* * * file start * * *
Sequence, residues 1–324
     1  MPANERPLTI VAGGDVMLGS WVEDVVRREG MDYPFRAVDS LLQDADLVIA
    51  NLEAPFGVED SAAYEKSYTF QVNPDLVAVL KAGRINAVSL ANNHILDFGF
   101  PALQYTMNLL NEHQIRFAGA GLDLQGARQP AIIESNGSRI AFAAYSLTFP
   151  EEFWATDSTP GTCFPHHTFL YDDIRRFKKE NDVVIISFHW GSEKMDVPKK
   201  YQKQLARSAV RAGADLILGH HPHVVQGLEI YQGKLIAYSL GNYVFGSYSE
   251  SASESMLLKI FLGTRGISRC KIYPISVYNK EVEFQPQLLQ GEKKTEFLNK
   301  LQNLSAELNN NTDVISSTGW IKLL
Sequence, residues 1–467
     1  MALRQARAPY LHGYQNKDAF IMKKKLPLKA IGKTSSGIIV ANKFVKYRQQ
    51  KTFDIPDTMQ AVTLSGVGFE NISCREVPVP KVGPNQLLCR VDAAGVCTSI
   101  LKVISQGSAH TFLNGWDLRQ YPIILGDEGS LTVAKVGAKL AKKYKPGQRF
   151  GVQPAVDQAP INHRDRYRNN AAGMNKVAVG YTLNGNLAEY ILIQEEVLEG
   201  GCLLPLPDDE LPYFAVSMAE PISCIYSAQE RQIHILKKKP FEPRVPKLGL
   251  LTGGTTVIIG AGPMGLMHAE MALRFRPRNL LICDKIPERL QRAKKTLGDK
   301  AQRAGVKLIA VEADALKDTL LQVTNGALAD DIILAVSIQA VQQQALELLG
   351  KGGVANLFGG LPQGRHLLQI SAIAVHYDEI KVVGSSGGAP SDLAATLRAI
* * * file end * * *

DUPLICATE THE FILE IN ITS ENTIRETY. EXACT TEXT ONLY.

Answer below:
Sequence, residues 1–324
     1  MPANERPLTI VAGGDVMLGS WVEDVVRREG MDYPFRAVDS LLQDADLVIA
    51  NLEAPFGVED SAAYEKSYTF QVNPDLVAVL KAGRINAVSL ANNHILDFGF
   101  PALQYTMNLL NEHQIRFAGA GLDLQGARQP AIIESNGSRI AFAAYSLTFP
   151  EEFWATDSTP GTCFPHHTFL YDDIRRFKKE NDVVIISFHW GSEKMDVPKK
   201  YQKQLARSAV RAGADLILGH HPHVVQGLEI YQGKLIAYSL GNYVFGSYSE
   251  SASESMLLKI FLGTRGISRC KIYPISVYNK EVEFQPQLLQ GEKKTEFLNK
   301  LQNLSAELNN NTDVISSTGW IKLL
Sequence, residues 1–467
     1  MALRQARAPY LHGYQNKDAF IMKKKLPLKA IGKTSSGIIV ANKFVKYRQQ
    51  KTFDIPDTMQ AVTLSGVGFE NISCREVPVP KVGPNQLLCR VDAAGVCTSI
   101  LKVISQGSAH TFLNGWDLRQ YPIILGDEGS LTVAKVGAKL AKKYKPGQRF
   151  GVQPAVDQAP INHRDRYRNN AAGMNKVAVG YTLNGNLAEY ILIQEEVLEG
   201  GCLLPLPDDE LPYFAVSMAE PISCIYSAQE RQIHILKKKP FEPRVPKLGL
   251  LTGGTTVIIG AGPMGLMHAE MALRFRPRNL LICDKIPERL QRAKKTLGDK
   301  AQRAGVKLIA VEADALKDTL LQVTNGALAD DIILAVSIQA VQQQALELLG
   351  KGGVANLFGG LPQGRHLLQI SAIAVHYDEI KVVGSSGGAP SDLAATLRAI